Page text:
4. Cancer immunotherapy and autoimmunity: For several years we have applied our experience in viral immunity to the very challenging area of cancer immunotherapy. One area of focus is papillary thyroid cancers caused by the RET/PTC3 (RP3) fusion protein. Despite not having a viral etiology, RP3 causes neoantigen formation via aberrant phosphorylation, resulting in the presentation of tumor-specific phosphopeptides (“signal 1” for T cell activation) and activates NF-kappaB, resulting in release of proinflammatory cytokines from tumor cells (the co-stimulatory “signal 2”). First in collaboration with the Rothstein lab and then on our own we have been pursuing the hypothesis that RP3-induced papillary thyroid cancer is relatively benign because it induces a robust, effective T cell response that keeps the cancer in check. We have published evidence to this effect and demonstrated that the transforming and inflammation-inducing signals emanating from RP3 can be functionally dissociated. The work provides an important counterbalance to the notion that inflammation abets cancer progression. In addition, we have collaborated with the Waldman lab at Thomas Jefferson University in exploring viability of the guanalyl cyclase C (GC-C) receptor as a target for metastatic colorectal cancer immunotherapy. GC-C is expressed exclusively in small regions of the central nervous system and on the luminal surfaces of colonic epithelial cells and induces only partial tolerance. Thus, it is an attractive target for therapeutic vaccination. This was demonstrated in mice and a Phase 1 clinical trial in humans with a GC-C-expressing adenovirus is underway.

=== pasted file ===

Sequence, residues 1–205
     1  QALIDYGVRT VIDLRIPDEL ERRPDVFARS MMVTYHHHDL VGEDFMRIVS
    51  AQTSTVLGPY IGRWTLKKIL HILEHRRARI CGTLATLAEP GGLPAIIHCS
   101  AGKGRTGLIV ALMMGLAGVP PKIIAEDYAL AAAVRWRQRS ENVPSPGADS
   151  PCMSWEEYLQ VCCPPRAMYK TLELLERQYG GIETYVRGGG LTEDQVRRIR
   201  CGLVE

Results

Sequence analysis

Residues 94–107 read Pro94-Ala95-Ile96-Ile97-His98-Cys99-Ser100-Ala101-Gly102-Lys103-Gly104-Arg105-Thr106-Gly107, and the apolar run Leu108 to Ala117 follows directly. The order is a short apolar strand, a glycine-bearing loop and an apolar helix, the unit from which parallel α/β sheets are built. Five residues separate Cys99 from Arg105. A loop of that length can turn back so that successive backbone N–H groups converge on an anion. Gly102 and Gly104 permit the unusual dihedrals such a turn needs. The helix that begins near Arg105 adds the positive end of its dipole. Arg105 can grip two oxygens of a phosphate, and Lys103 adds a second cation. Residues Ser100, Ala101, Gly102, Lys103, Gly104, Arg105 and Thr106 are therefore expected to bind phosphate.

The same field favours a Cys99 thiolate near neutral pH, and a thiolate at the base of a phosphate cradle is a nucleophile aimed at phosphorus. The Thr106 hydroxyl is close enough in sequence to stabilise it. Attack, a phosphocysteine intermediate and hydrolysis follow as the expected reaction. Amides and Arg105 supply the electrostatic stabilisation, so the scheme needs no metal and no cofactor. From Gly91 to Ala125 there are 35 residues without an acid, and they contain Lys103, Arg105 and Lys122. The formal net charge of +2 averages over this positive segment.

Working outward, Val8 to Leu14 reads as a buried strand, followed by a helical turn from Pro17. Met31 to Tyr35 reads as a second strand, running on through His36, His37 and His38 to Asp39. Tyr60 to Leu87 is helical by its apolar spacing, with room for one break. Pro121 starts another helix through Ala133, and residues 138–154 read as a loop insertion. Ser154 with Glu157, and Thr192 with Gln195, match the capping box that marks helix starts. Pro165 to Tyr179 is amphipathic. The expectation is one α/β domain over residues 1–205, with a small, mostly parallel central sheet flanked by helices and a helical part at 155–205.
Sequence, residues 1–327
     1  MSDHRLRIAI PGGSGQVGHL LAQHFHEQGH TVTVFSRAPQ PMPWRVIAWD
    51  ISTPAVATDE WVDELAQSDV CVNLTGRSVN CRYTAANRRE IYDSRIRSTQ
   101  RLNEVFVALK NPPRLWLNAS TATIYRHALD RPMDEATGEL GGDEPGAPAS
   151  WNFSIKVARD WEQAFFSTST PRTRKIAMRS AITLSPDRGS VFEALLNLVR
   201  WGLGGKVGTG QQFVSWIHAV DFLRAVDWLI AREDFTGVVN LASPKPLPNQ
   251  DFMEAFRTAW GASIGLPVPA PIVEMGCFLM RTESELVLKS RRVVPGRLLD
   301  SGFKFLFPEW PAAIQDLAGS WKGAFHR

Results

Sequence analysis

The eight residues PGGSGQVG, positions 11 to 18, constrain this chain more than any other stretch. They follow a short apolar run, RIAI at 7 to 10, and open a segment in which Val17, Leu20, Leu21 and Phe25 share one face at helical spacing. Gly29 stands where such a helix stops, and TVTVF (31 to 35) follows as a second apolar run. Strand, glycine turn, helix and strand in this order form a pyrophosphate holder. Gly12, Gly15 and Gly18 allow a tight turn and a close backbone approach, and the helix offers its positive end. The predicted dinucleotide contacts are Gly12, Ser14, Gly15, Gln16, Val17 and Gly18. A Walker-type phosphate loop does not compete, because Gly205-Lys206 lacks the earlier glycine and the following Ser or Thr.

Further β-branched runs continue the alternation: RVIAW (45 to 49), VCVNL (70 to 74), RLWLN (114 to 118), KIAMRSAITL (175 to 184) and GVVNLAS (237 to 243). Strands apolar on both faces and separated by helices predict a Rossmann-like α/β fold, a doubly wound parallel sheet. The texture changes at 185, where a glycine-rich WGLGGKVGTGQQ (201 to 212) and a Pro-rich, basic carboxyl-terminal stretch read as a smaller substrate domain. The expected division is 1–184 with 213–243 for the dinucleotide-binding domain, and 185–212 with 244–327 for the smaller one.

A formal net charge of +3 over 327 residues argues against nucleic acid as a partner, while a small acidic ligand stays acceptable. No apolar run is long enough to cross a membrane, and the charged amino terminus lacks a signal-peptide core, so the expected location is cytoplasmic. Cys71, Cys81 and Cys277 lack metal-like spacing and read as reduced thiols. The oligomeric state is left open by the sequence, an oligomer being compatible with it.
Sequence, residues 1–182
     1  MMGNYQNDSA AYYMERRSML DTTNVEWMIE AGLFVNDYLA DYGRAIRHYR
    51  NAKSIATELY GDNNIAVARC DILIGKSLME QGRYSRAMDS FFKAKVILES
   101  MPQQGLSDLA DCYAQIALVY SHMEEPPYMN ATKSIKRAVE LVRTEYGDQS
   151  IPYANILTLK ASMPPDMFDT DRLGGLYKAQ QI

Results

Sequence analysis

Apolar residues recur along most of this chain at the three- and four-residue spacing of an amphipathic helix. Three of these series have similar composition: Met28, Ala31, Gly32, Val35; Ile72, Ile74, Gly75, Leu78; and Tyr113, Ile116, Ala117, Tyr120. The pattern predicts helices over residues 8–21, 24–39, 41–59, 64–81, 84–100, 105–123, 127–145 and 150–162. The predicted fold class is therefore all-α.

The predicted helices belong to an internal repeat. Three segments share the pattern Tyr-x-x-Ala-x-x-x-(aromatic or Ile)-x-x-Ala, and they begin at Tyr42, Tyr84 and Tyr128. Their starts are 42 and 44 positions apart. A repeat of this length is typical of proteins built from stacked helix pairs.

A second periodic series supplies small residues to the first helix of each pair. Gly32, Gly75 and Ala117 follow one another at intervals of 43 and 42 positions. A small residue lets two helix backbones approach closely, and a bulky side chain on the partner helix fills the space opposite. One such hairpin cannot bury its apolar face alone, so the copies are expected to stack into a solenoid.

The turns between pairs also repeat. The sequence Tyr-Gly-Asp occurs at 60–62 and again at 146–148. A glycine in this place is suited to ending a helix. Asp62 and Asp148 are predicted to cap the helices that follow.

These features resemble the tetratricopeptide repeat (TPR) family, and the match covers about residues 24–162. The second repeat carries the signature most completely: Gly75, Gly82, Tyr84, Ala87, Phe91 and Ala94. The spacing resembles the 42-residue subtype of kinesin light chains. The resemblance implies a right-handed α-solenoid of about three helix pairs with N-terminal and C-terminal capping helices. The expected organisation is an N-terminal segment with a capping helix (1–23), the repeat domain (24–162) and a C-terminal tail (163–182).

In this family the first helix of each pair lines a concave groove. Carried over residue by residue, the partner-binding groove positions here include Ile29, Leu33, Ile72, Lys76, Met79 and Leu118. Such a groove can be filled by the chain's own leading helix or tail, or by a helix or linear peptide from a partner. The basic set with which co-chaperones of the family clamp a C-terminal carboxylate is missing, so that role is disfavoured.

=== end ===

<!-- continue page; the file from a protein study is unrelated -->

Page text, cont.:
Selected Publications